“They may get 190 games,” Schwab said, including the postseason. “They have 75 percent of their time committed already.” On-field performance gives athletes the ability to become stars, Schwab said, but their personalities and passions help them become megastars.
As examples, he compared Shaquille O’Neal and Tim Duncan, perhaps the best two big men in recent N.B.A. history. While O’Neal’s gregariousness and advertising ubiquity made him a global superstar, Duncan’s reserved nature meant that he rarely connected with fans beyond basketball.
To be fair, O’Neal’s highlights were rim-rocking — and occasionally rim-breaking — dunks. Fans had a harder time getting excited about the tidy bank shots from Duncan, who was known as the Big Fundamental.
“We live in an era of five-second clips or three-second clips,” said Schwab, which helps explain baseball’s problem.
Gifs of game-winning 3-pointers and dunks, or of Hail Mary passes and big tackles, rocket around the internet to millions of marginal fans. But a large part of baseball’s appeal comes from developing drama, like duels between pitcher and batter in which the hitter might foul off numerous 90 mile-per-hour sinkers to wear down the pitcher.
Certain fans might celebrate a perfectly executed defensive shift as much as a triple to the outfield gap. Baseball, on average, attracts the oldest television viewers of any major sport.
A number of other factors contribute to the stardom gulf. College baseball and the minor leagues are not followed widely enough for players to become known until they break into the majors. Stars in other sports are often well known before they turn pro. Baseball’s veteran hierarchies and unwritten rules have long prized conformity and dismissed displays of individuality as showboating. A recent M.L.B. campaign called Let the Kids Play aims to change that part of the game’s culture, but political activism has been limited.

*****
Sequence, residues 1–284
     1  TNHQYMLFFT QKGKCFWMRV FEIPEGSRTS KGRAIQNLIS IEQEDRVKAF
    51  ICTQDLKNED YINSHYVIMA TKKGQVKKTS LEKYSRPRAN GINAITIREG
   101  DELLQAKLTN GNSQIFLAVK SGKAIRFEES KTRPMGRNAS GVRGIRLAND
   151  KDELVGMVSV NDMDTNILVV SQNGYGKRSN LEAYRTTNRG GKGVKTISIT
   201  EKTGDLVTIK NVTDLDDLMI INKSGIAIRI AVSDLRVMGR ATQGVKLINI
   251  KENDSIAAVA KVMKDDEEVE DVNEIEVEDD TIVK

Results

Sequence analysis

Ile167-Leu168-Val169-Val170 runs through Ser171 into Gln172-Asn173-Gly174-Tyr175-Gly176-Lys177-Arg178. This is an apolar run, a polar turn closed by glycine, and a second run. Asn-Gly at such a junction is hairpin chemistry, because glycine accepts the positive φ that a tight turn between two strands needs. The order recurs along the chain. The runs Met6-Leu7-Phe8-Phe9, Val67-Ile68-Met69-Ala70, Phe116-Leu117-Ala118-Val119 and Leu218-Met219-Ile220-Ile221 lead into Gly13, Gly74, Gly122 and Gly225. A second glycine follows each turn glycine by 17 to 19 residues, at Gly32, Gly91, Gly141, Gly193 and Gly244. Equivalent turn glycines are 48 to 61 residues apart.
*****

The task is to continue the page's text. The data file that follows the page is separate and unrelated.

Television exposure may be a factor, too. Every N.F.L. game appears on some form of national TV, as does a high percentage of N.B.A. games. Most baseball games are televised only locally.
There is also the limited effect a baseball star can have on his team’s success. Position players can bat only a few times a game, and dominant starting pitchers take the mound only every five days. But a quarterback has the ball in his hands every offensive play, and an N.B.A. player can stay on the court for an entire game.
LeBron James has made eight straight N.B.A. finals and won three of them; Tom Brady has made eight Super Bowls with the Patriots and won five. The spotlight is on them continually.
Trout, on the other hand, has largely been missing from baseball’s biggest stage. He has played in just three playoff games total, all losses.
“As far as crossing over into the mainstream, I don’t think baseball has every really been at that level,” said Pat Mahomes, a former major league pitcher.
Were he alive, Mickey Mantle might disagree.
Mahomes’s perspective comes from his 11 seasons in the major leagues. His son, Patrick Mahomes II, is perhaps the most exciting young player in the N.F.L. The elder Mahomes played with Ortiz early in his career, and while Ortiz is now known as Boston’s home-run-hitting, gregarious Big Papi, it wasn’t always that way.
“For a long time he wouldn’t do interviews, because he didn’t think he could get his point across,” Mahomes said. “It took him a long time to get comfortable to be able to do that. Then came the 500 home runs and the World Series championship — that helps, too.”
Perhaps star power is cyclical. Basketball experienced its modern nadir in the mid-2000s, after the generation of Michael Jordan, Patrick Ewing, Charles Barkley, Karl Malone and Hakeem Olajuwon had retired. The N.B.A. lulled, and then James, Stephen Curry and Kevin Durant arose.
Maybe the next group of Jeters and Big Papis is right around the corner — or better yet, somewhere in the Dodgers’ and Red Sox’ dugouts.